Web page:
DENVER — The U.S. Supreme Court today struck down a law in Massachusetts that established a 35-foot buffer no-protest zone around abortion clinics. The law was based in part on Colorado’s “bubble bill,” a first-in-the-nation law passed in 1993 that set up a floating 8-foot zone anywhere within 100 feet of a clinic.
The Supreme court upheld Colorado’s bubble law in a 2000 ruling, but today’s ruling has raised new questions about the fate of Colorado’s law.
“Colorado struck a good balance in the law by protecting both free speech rights and the rights of patients and providers. The bill we passed set the standard. Women should be able to access health care without being threatened and harassed. Providers should be able to go to work without running a gauntlet,” said Karen Middleton, of NARAL pro choice Colorado, in a release following this morning’s decision.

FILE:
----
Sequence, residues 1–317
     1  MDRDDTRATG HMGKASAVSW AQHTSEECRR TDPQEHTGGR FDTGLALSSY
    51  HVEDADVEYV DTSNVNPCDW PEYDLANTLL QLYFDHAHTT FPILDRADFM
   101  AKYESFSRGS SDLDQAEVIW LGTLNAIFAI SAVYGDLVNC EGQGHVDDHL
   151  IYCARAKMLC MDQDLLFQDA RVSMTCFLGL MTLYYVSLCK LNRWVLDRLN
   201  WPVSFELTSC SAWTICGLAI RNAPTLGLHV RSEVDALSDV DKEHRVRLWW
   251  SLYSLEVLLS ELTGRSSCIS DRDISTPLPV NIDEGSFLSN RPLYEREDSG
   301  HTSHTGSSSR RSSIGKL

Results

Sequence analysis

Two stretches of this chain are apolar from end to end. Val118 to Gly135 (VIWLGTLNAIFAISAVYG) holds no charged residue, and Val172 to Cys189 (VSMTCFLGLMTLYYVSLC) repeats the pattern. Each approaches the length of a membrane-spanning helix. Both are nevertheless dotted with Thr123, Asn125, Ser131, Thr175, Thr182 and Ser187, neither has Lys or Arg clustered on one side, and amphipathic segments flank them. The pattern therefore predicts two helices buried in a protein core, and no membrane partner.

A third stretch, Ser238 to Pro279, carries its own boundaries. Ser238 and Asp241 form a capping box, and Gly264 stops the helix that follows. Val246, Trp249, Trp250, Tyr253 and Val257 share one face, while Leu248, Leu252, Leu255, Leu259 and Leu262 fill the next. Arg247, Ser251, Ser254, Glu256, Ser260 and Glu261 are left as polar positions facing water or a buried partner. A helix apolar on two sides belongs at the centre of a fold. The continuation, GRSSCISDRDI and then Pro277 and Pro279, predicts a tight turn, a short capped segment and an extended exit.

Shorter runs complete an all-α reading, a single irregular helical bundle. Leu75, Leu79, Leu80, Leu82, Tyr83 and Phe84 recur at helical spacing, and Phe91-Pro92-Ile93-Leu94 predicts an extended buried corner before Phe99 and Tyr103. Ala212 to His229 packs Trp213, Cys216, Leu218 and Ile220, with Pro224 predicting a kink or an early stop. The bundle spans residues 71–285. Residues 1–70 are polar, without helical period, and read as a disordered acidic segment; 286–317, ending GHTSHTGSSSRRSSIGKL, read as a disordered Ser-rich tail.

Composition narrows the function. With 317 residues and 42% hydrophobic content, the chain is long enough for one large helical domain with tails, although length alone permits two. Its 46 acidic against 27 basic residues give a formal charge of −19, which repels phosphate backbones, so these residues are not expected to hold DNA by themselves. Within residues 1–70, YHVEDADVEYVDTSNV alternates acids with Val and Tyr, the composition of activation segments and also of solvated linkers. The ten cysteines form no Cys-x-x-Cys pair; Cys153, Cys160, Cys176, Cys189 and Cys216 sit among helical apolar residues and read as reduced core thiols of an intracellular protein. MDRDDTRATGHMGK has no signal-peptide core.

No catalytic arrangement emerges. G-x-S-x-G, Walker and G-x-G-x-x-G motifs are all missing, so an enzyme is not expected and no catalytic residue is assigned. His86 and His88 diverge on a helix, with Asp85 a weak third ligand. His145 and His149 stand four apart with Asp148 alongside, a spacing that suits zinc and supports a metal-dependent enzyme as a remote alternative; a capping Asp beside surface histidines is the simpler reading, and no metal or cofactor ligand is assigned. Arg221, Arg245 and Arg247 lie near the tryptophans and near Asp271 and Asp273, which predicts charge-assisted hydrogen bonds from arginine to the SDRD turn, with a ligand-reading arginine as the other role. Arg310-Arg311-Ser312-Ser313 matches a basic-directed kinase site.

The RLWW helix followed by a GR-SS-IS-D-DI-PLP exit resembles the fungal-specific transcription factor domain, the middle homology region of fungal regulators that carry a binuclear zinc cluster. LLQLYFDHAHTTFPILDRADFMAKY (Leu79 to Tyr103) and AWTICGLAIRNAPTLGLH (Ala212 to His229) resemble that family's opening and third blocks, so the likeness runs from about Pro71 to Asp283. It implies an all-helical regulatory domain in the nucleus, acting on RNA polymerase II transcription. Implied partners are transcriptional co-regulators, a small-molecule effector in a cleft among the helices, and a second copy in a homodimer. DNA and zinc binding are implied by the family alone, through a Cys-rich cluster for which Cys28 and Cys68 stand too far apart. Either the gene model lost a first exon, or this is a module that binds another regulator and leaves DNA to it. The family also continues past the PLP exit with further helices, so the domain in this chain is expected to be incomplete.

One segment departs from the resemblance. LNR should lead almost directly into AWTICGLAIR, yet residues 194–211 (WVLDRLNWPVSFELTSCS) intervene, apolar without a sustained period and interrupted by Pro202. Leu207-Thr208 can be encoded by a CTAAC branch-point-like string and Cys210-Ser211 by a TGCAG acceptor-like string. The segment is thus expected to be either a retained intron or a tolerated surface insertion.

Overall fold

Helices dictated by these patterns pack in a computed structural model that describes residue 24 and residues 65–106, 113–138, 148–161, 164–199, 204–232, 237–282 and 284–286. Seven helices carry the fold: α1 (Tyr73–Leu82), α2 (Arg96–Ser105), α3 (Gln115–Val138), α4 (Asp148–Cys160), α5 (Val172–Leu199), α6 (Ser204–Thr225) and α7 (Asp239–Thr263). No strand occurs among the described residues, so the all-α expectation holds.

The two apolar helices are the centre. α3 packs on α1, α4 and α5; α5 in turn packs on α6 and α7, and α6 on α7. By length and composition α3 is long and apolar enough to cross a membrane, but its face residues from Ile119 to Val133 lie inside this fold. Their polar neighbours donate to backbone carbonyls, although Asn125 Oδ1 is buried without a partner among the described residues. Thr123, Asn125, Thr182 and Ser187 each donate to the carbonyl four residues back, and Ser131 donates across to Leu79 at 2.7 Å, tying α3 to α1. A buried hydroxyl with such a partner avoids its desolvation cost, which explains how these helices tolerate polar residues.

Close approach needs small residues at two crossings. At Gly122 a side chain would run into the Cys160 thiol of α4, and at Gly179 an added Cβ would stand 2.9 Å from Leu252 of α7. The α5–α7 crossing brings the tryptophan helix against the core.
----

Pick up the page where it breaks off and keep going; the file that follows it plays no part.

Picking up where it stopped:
Although the judges voted unanimously (9-0) to knock down the Massachusetts law, they upheld Colorado’s earlier standard. The question of the day, even among more liberal, female judges like justice Elena Kagan, appeared to be how much space around a patient or employee entering a clinic is appropriate and how much is a violation of pro-life petitioners’ freedom of speech.
“[I’m] a little hung up on why you need so much space,” Kagan told Massachusetts Assistant Attorney General Jennifer Miller, according to SCOTUS blog.
The plaintiffs in the case argued that their goal was not to harass women but to speak quietly with them about alternatives to abortion, something they have had difficulty doing from across the street or down the block.
Chief Justice John Roberts wrote the opinion, where he specifically notes the importance of public spaces in civil discourse:
“It is no accident that public streets and sidewalks have developed as venues for the exchange of ideas,” he wrote. “Even today, they remain one of the few places where a speaker can be confident that he is not simply preaching to the choir.”
[ Clinic protest image from LiveSoMa ]